Issue Date July 2, 2010 Audit Report Number 2010-DE-1004 TO: Vicki Bott, Deputy Assistant Secretary for Single Family Housing, HU //signed// FROM: Ronald J. Hosking, Regional Inspector General for Audit, 8AGA SUBJECT: Access National Mortgage Corporation, Denver, CO, Did Not Follow HUD Requirements When Submitting Two of Its Loans for Endorsement HIGHLIGHTS What We Audited and Why We audited Access National Mortgage Corporation (Access National), a Federal Housing Administration (FHA)-approved direct endorsement lender. We reviewed a total of 25 loans underwritten by Access National. We reviewed 23 loans to determine whether it complied with HUD regulations, procedures, and instructions in originating, and underwriting, the FHA-insured loans selected for review. We reviewed 2 FHA-insured loans to determine whether it complied with HUD regulations, procedures, and instructions in submitting the loans for endorsement. We audited Access National because its 2-year default rate was 12.22 percent, which is higher than FHA’s national 2-year default rate of 6.04 percent. What We Found Access National generally complied with HUD regulations, procedures, and instructions in the origination and underwriting of 23 insured loans selected for review. However, it did not comply with U.S. Department of Housing and Urban Development (HUD) regulations, procedures, and instructions for two insured 1 loans it submitted to HUD for endorsement. It submitted the loans, totaling more than $410,000, for endorsement when the loan payments were not current. What We Recommend We recommend that HUD require Access National to reimburse it for the future loss on the two loans that should not have been insured because they were not current when submitted for endorsement. We also recommend that HUD ensure that Access National implements policies to ensure that loans are current when submitted to HUD for endorsement. For each recommendation without a management decision, please respond and provide status reports in accordance with HUD Handbook 2000.06, REV-3. Please furnish us copies of any correspondence or directives issued because of the audit. Auditee’s Response We provided the discussion draft of the audit report to Access National on June 11, 2010, and requested its comments by June 25, 2010. Access National provided its written response on June 22, 2010. Access National generally concurred with the finding and recommendations. The complete text of the auditee’s response, along with our evaluation of that response, can be found in appendix B of this report. 2 TABLE OF CONTENTS Background and Objectives 4 Results of Audit Finding: Access National Did Not Follow HUD Requirements When Submitting 5 Loans for Endorsement Scope and Methodology 7 Internal Controls 9 Appendixes A. Schedule of Funds To Be Put to Better Use 10 B. Auditee Comments and OIG’s Evaluation 11 C. Late Endorsement Loan Details 18 3 BACKGROUND AND OBJECTIVES Access National Mortgage Corporation’s (Access National) home office is located in Reston, VA. Access National has a number of branches including two branches located in Denver, CO. We audited the Denver branch located at West 26th Avenue (lender identification number 7729200320). The U.S. Department of Housing and Urban Development’s (HUD) Federal Housing Administration (FHA) authorized this branch as a nonsupervised mortgage company on July 11, 2006. A nonsupervised mortgage company is a nondepository financial entity the principal activity of which is the lending or investment of funds in real estate mortgages. This branch only originates loans. The home office in Reston, VA, performs the underwriting and the quality assurance reviews. From January 1, 2008, through December 31, 2009, the Denver branch office originated 5,334 FHA-insured loans, with a total original mortgage amount of more than $1 billion. Of the 5,334 loans, 652 (12.22 percent) defaulted within the first 2 years, which is higher than the Nation’s 2- year default rate of 6.04 percent. FHA mortgage insurance encourages lenders to approve borrowers with less than perfect credit because FHA insures the mortgage against default. Approved FHA lenders are responsible for complying with all applicable HUD regulations and are required to determine a borrower’s ability and willingness to repay the mortgage. Approved direct endorsement lenders may underwrite and close mortgage loans without prior FHA review or approval. To obtain direct endorsement approval, a lender must demonstrate it has the qualifications, experience, and expertise to underwrite mortgage loans that satisfy FHA requirements. To maintain approval, a lender must consistently underwrite and close loans that meet FHA requirements. The lender must submit the loan for insurance endorsement within 60 days after loan settlement or funds disbursement, whichever is later. HUD determines whether the loan is received late for endorsement based upon the date it actually receives the loan case binder. When a loan is submitted late for endorsement, the lender must certify that the mortgage was not unpaid more than 30days. The objectives of the review were to determine whether Access National complied with HUD regulations, procedures, and instructions in originating, underwriting, and submitting for endorsement the FHA-insured loans selected for review. 4 RESULTS OF AUDIT Finding 1: Access National Did Not Follow HUD Requirements When Submitting Loans for Endorsement Access National submitted two loans for endorsement when the payments on those loans were not current. This condition occurred because Access National did not have adequate written policies to ensure that loans were current when submitted to HUD for endorsement. As a result, HUD endorsed two ineligible loans for more than $410,000. Access National Submitted Loans That Were Not Current Access National submitted two loans for endorsement when the payments on those loans were not current. It submitted loan FHA case number 571-0809019 to HUD for endorsement on May 3, 2008, when the April 1, 2008, payment had not been made by the borrower. Additionally, it submitted loan FHA case number 381-8612471 to HUD for endorsement on December 8, 2008, when the November 1, 2008, payment had not been made by the borrower. Chapter 3 of HUD Handbook 4165.1, REV-2, stipulates that a loan is not eligible for endorsement if the payment due for the month before the lender submitted the loan for endorsement has not been received. Access National Had Inadequate Written Policies Access National did not have adequate written policies. Its written policies did not include procedures for ensuring that loans were current when submitted to HUD for endorsement. Based on our review, Access National developed written policies for submitting loans for endorsement to ensure that it meets HUD requirements. HUD Endorsed Two Uninsurable Loans HUD endorsed two ineligible loans for more than $410,000. The FHA insurance fund is at risk for the potential loss to HUD on the total value of the unpaid loan amounts, which was $402,441. HUD will determine the final loss when it disposes of the properties. HUD’s most recent data disclosed that the average loss 5 rate is 60 percent. Therefore, the estimated loss to HUD is $241,464. See Appendix C for late endorsement loan details. Since we only identified two loans with this deficiency during our audit period, this was not a pervasive issue. However, it is an issue that needs to be addressed to prevent future losses to the insurance fund. Recommendations We recommend that the Assistant Secretary for Housing – Federal Housing Commissioner 1A. Require Access National to indemnify HUD for the future loss on the two loans. The estimated loss to HUD is $241,464. 1B. Ensure that Access National implements policies to ensure that loans are current when submitted to HUD for endorsement. 6 SCOPE AND METHODOLOGY Our audit period was January 1, 2008, through December 31, 2009. Access National’s Denver branch office originated 5,334 FHA-insured loans with beginning amortization dates during our audit period. We did not perform a 100 percent selection or a representative selection using statistical or nonstatistical sampling. We selected 23 of the 652 loans that defaulted within the first 2 years after closing. Of the 23 loans, five were non-streamline-refinanced loans. We sorted the non- streamline-refinanced loans by the number of payments made before the lender reported the first 90- day default, and the underwriters. We selected the 4 loans that were manually underwritten and had 14 or fewer payments made before the first 90 day default was reported. Additionally, we selected the one automated underwritten loan with no payments made before the first 90 day default was reported. The remaining 18 loans were streamline-refinanced loans that had three or fewer payments before the lender reported the first 90-day default, were manually underwritten, and had a default reason of excessive obligations or unable to contact the borrower. We also noted the loan’s current status, and those in a claim status were placed higher on the list. From the list, we selected 2 loans from each of the 9 underwriters represented. When we reviewed the loan files for the 23 loans, we determined that none of the 23 loans were submitted late for endorsement. In order to determine if Access National followed HUD requirements when it submitted loans late for endorsement, we identified and reviewed the two loans with beginning amortization dates between January 1, 2008, and December 31, 2009, that were not current when they were submitted to HUD for endorsement. We did not perform a full review of these two loans. We only reviewed these loans to determine that they were not current when they were submitted for endorsement. To accomplish the audit objectives, we Reviewed HUD regulations and reference materials related to single-family requirements. Reviewed Access National’s underwriting and quality control policies and procedures. Reviewed HUD’s and Access National’s loan case files. Reviewed Access National’s quality control reports and corrective actions taken. Interviewed Access National’s management to obtain information regarding its policies and procedures. We used origination, default, claim, and current loan status data maintained by HUD in the Single Family Data Warehouse and Neighborhood Watch systems for background information and in selecting our sample of loans. We did not rely on the data to base our conclusions. Therefore, we did not assess the reliability of the data. We classified $241,464 as funds to be put to better use. This is a projected amount of loss to HUD for the two loans which we recommend that HUD require Access National to indemnify. To determine the potential loss, we used HUD’s calculation for its average loss on FHA-insured foreclosed-upon properties, which is 60 percent of the unpaid loan balance. The 60 percent is based on the Actuarial Review of the FHA Mutual Mortgage Fund for Fiscal Year 2009. 7 We performed the onsite review work from February to March 2010 at the Denver branch office located at 2420 West 26th Avenue, Denver, CO. We conducted the audit in accordance with generally accepted government auditing standards. Those standards require that we plan and perform the audit to obtain sufficient, appropriate evidence to provide a reasonable basis for our findings and conclusions based on our audit objectives. We believe that the evidence obtained provides a reasonable basis for our findings and conclusions based on our audit objectives. 8 INTERNAL CONTROLS Internal control is an integral component of an organization’s management that provides reasonable assurance that the following controls are achieved: Program operations, Relevance and reliability of information, Compliance with applicable laws and regulations, and Safeguarding of assets and resources. Internal controls relate to management’s plans, methods, and procedures used to meet its mission, goals, and objectives. They include the processes and procedures for planning, organizing, directing, and controlling program operations as well as the systems for measuring, reporting, and monitoring program performance. Relevant Internal Controls We determined that the following internal controls were relevant to our audit objectives: Management’s controls to ensure that FHA-insured loans are underwritten in accordance with HUD requirements. Management’s controls to ensure that loans are submitted for endorsement in accordance with HUD requirements. Management’s controls to ensure that a quality control plan is developed and implemented in accordance with HUD requirements. We assessed the relevant controls identified above. A significant weakness exists if management controls do not provide reasonable assurance that the process for planning, organizing, directing, and controlling program operations will meet the organization’s objectives. Significant Weaknesses Based on our review, we believe that the following item is a significant weakness: Controls over ensuring that loans are current when they are submitted to HUD for endorsement/insuring. 9 APPENDIXES Appendix A SCHEDULE OF FUNDS TO BE PUT TO BETTER USE Recommendation Funds to be put number to better use 1/ 1A $241,464 1/ Recommendations that funds be put to better use are estimates of amounts that could be used more efficiently if an Office of Inspector General (OIG) recommendation is implemented. These amounts include reductions in outlays, deobligation of funds, withdrawal of interest, costs not incurred by implementing recommended improvements, avoidance of unnecessary expenditures noted in preaward reviews, and any other savings that are specifically identified. Implementation of our recommendation to require Access National to indemnify HUD for the future loss on the two loans it submitted for endorsement when the payments on those loans were not current will reduce the risk of loss to the FHA insurance fund. The amount above reflects the amount of estimated loss to HUD incurred for the two loans. To determine the estimated loss, we used HUD’s calculation for its average loss on FHA- insured foreclosed-upon properties, which is 60 percent of the unpaid loan balance. The 60 percent is based on the Actuarial Review of the FHA Mutual Mortgage Fund for Fiscal Year 2009. 10 Appendix B AUDITEE COMMENTS AND OIG’S EVALUATION Ref to OIG Evaluation Auditee Comments 11 Ref to OIG Evaluation Auditee Comments 12 Refer to OIG Evaluation Auditee Comments 13 Ref to OIG Evaluation Auditee Comments Comment 1 14 Ref to OIG Evaluation Auditee Comments 15 Ref to OIG Evaluation Auditee Comments 16 OIG Evaluation of Auditee Comments Access National generally concurs with the report and has taken action to prevent future errors. Comment 1 This report contains our audit results and final recommendations for resolving any issues identified. The facts supporting all conclusions and recommendations are clearly presented in the finding and the magnitude of any issues identified is clearly represented. Therefore, we do not believe further disclosures are warranted. 17 Appendix C LATE ENDORSEMENT LOAN DETAILS Case number Original Date Payment not Unpaid Sixty loan submitted for made principal percent amount endorsement balance as of April 30, 2010 571-0809019 $205,323 5/3/2008 4/1/2008 $201,483 $120,890 381-8612471 $205,135 12/8/2008 11/1/2008 $200,958 $120,574 Total $410,458 $402,441 $241,464 18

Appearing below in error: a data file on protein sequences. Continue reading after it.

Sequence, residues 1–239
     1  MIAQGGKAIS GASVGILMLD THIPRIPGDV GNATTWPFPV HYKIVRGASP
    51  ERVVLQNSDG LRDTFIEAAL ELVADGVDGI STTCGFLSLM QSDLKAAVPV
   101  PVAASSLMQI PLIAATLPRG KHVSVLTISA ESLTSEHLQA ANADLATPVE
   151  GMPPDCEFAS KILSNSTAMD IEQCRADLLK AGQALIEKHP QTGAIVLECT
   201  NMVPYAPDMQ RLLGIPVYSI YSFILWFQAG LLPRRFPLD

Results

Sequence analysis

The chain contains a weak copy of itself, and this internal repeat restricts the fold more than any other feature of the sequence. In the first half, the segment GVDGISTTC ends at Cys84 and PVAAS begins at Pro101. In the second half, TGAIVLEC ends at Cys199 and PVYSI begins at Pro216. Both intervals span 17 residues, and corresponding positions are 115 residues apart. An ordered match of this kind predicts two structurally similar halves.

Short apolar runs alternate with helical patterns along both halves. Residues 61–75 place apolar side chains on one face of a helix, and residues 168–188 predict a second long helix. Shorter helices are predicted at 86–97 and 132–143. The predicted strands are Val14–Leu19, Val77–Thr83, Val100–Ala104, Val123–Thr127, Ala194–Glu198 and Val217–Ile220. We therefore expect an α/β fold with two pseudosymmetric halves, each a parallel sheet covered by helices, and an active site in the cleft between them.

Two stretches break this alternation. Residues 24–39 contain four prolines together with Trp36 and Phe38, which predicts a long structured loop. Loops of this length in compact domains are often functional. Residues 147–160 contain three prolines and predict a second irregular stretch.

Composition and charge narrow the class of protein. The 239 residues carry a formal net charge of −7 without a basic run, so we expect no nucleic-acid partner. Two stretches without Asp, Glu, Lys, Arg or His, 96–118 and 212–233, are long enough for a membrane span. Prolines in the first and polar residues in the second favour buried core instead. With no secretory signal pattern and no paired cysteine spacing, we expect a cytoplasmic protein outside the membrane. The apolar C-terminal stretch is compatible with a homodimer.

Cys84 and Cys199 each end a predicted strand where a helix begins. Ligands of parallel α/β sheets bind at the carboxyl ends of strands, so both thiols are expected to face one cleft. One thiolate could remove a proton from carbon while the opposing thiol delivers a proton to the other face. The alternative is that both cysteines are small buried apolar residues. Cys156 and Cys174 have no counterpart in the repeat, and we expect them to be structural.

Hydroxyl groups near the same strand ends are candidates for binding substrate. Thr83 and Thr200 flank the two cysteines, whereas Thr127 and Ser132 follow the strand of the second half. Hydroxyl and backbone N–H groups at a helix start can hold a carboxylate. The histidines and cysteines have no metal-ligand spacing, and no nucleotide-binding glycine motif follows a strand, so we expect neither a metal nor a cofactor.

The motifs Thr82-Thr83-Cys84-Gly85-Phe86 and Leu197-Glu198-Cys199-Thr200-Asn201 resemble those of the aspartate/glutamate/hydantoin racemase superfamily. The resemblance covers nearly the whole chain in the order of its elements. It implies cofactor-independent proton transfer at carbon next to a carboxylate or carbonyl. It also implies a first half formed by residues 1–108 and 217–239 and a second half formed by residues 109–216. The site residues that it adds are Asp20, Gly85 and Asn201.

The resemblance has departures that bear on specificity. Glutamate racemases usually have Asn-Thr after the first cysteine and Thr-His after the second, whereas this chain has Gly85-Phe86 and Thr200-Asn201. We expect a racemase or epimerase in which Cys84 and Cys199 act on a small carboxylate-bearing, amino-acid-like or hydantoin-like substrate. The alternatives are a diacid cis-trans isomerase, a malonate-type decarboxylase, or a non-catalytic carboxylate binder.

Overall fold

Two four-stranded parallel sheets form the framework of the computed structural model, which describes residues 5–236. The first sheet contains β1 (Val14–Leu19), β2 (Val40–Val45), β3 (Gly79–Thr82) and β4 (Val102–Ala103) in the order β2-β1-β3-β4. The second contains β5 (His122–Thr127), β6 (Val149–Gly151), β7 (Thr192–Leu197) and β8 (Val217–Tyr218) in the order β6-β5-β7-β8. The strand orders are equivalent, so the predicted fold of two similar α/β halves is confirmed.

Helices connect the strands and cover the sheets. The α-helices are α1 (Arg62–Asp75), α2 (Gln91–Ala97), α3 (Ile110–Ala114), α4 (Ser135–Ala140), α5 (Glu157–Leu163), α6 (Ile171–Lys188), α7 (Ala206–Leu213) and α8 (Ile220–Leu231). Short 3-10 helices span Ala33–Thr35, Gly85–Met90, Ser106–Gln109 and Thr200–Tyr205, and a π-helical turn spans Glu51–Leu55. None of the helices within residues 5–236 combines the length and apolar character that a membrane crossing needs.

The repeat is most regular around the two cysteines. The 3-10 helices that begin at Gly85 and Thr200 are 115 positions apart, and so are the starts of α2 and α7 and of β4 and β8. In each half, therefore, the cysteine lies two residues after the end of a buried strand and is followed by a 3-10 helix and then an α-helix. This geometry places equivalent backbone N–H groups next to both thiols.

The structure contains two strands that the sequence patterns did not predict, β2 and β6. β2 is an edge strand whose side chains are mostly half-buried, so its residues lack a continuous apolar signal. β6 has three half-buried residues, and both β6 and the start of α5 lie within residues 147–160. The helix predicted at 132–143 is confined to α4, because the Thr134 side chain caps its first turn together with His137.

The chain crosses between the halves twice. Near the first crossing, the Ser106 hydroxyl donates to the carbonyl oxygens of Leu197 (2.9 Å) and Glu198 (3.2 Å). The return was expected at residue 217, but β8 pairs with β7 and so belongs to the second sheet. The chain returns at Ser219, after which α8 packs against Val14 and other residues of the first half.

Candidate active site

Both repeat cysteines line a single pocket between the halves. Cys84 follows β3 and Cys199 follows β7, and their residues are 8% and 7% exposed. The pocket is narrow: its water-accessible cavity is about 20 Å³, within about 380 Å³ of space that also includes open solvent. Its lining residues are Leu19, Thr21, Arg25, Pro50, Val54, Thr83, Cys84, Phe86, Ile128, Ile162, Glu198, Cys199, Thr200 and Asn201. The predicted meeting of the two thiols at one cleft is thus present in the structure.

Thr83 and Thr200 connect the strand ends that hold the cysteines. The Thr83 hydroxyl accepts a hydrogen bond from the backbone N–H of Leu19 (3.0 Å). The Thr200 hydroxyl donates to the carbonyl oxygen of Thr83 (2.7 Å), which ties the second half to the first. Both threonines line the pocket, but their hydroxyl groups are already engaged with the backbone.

Access National Mortgage Corporation, Denver, CO, Did Not Follow HUD Requirements When Submitting Two of Its Loans for Endorsement
Published by the Department of Housing and Urban Development, Office of Inspector General on 2010-07-02.
Below is a raw (and likely hideous) rendition of the original report. (PDF)